People with ASDs who are verbal, may use words without their usual meanings or repeat verbatim words or phrases they have heard (echolalia). Others will speak in odd ways, using a high pitched voice or using staccato, robotic speech patterns Even those with exceptional vocabularies, may miss the subtleties of practical communication and still have a hard time conversing.
Language difficulties can also greatly affect behaviour. The inability to communicate needs effectively can cause anxiety and frustration leading to challenging behaviours such as screaming, tantrums, etc.
Communication assistance is usually provided by trained speech and language therapists (pathologists). Experts agree that treatment should begin as early as possible. The Speech and Language Therapist should have experience with individuals with ASD and their unique communication deficits.
The Speech Therapist will evaluate whether the speech and language difficulties of the child is caused by autism or another disorder. The therapist will analyze the child’s hearing, expressive language, receptive language, oral-motor functions, voice quality, articulation and fluency, auditory processing and functional skills.
After a full assessment of individual needs, the focus may be on increasing verbal language skills and/or organizing a functional alternative communication system through techniques such as PECS. Speech therapy can also be beneficial for adults with ASDs especially when integrated into other treatment and educational programs.
Picture Exchange Communication System (PECS)
While some people with ASDs do not develop functional and fluent spoken communication, they may be able to use an alternative and augmentative communication system. The most successful of these techniques is the Picture Exchange Communication System (PECS).
PECS was developed at the Delaware Autistic Program to help children and adults with autism to gain functional communication skills. It uses ABA-based methods to teach people to exchange a picture card for something they want - an item or an activity or to express a feeling. As the person progresses, the pictures are replaced with symbols and eventually the symbols are combined to make simple sentences. PECS allows a person to initiate communication and have a need immediately understood. PECS helps the person acquire a functional communication system so that they can communicate and so that learning can expand.
PECs cards can be purchased in manual form or some families make their own using drawn pictures or pictures cut out of magazines, etc. Pictures are used which might motivate the individual child to get the thing they want and they are encouraged with constant feedback in a step by step process to engage with others to get their needs met.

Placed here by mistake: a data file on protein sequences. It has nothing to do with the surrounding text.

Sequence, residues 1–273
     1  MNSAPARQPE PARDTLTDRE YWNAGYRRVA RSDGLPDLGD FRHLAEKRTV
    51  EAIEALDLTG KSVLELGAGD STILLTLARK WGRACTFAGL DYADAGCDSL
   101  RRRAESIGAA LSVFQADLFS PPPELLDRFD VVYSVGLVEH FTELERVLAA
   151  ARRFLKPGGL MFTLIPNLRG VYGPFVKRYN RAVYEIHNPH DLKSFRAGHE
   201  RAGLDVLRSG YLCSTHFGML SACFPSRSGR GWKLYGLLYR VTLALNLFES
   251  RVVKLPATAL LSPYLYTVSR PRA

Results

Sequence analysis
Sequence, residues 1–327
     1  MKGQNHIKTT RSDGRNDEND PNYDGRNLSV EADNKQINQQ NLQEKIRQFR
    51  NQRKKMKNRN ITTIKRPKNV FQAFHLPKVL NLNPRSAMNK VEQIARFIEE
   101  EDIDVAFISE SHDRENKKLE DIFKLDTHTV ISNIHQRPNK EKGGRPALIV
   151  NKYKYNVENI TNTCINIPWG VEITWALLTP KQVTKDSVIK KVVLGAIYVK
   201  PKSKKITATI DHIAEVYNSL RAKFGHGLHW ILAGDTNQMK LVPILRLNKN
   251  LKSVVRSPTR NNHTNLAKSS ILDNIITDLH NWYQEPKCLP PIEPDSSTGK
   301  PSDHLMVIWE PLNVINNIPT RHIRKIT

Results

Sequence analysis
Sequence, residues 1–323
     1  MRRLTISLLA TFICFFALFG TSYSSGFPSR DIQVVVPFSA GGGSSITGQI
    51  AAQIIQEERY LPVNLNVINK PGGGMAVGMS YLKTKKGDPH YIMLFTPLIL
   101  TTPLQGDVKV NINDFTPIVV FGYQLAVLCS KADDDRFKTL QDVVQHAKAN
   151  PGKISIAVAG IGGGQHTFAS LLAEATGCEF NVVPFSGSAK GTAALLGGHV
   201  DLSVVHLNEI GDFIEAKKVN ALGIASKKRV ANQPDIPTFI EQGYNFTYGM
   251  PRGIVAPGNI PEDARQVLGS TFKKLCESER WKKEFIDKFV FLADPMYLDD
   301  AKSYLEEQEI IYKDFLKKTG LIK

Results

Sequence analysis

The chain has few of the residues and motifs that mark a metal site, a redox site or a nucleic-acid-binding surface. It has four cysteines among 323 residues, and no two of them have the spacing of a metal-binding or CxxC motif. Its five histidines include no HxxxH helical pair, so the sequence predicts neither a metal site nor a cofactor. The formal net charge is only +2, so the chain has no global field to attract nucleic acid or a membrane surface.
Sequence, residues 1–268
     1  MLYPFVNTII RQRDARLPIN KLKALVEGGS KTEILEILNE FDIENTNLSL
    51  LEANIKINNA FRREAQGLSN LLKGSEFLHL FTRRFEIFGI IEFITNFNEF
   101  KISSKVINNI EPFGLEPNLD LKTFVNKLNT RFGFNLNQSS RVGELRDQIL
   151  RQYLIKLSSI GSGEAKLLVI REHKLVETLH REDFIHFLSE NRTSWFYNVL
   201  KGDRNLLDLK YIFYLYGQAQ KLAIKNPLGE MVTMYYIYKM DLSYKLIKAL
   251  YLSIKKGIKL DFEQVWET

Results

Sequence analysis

PECS.com: This is the site for information on upcoming PECS training, purchasing materials, etc. It is run by Pyramid Educational Consultants.
Picture Card Communication: Personalized/individualized visual resources and educational materials for people affected by Autism and their families, teachers, therapists, etc.
Research suggests that the use of sign language increases the chance of non-verbal children learning to speak. However, it may be less effective for children with autism than PECS because many children with autism have difficulty imitating others.
There is debate about the best use of sign language for people with autism. Signed English may be more useful than American Sign Language (ASL) because ASL has a completely different grammar and structure. Consequently, verbal people cannot sign and talk at the same time. On the other hand, Signed English lets you speak normally and sign while speaking, reinforcing regular verbal communication.
Parents can learn and use signs when talking to their child. This is called ‘simultaneous communication’ or ‘signed speech.’
Improving Communication for Children with Autism: Does Sign Language Work? [PDF] Jamie B. Schwartz, PhD and Chad Nye, PhD. EBP Briefs, 2006.
Fluency training is used within other programs to maximize generalization and retention of learned language skills. Fluency techniques can result in increased accuracy and speed of performing speech tasks.
Facilitated Communication (FC)
Experts report that FC as a stand-alone program approach is ineffective and potentially harmful for individuals with ASD. Evidence-Based Practices for Children and Adolescents with Autism Spectrum Disorders: Review of the Literature and Practice Guide. Perry, Adrienne and Condillac, Rosemary. (2004). Children's Mental Health Ontario.